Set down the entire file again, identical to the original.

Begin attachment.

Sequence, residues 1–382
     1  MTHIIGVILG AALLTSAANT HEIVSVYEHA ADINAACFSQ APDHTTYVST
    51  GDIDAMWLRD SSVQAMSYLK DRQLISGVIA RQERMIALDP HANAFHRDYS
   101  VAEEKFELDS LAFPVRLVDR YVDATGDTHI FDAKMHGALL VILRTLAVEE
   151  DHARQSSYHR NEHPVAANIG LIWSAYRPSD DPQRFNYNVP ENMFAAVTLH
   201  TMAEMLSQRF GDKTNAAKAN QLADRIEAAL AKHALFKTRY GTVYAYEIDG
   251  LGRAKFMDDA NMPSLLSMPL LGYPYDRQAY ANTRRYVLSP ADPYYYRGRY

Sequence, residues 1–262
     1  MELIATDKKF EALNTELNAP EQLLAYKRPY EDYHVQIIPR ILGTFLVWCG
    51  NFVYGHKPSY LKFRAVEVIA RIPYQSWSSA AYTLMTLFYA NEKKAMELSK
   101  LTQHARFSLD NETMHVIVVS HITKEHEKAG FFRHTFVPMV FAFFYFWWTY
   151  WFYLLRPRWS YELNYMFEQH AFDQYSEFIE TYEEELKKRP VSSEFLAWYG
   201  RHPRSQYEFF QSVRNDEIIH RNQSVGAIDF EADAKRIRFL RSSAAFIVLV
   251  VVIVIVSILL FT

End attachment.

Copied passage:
Sequence, residues 1–382
     1  MTHIIGVILG AALLTSAANT HEIVSVYEHA ADINAACFSQ APDHTTYVST
    51  GDIDAMWLRD SSVQAMSYLK DRQLISGVIA RQERMIALDP HANAFHRDYS
   101  VAEEKFELDS LAFPVRLVDR YVDATGDTHI FDAKMHGALL VILRTLAVEE
   151  DHARQSSYHR NEHPVAANIG LIWSAYRPSD DPQRFNYNVP ENMFAAVTLH
   201  TMAEMLSQRF GDKTNAAKAN QLADRIEAAL AKHALFKTRY GTVYAYEIDG
   251  LGRAKFMDDA NMPSLLSMPL LGYPYDRQAY ANTRRYVLSP ADPYYYRGRY

Sequence, residues 1–262
     1  MELIATDKKF EALNTELNAP EQLLAYKRPY EDYHVQIIPR ILGTFLVWCG
    51  NFVYGHKPSY LKFRAVEVIA RIPYQSWSSA AYTLMTLFYA NEKKAMELSK
   101  LTQHARFSLD NETMHVIVVS HITKEHEKAG FFRHTFVPMV FAFFYFWWTY
   151  WFYLLRPRWS YELNYMFEQH AFDQYSEFIE TYEEELKKRP VSSEFLAWYG
   201  RHPRSQYEFF QSVRNDEIIH RNQSVGAIDF EADAKRIRFL RSSAAFIVLV
   251  VVIVIVSILL FT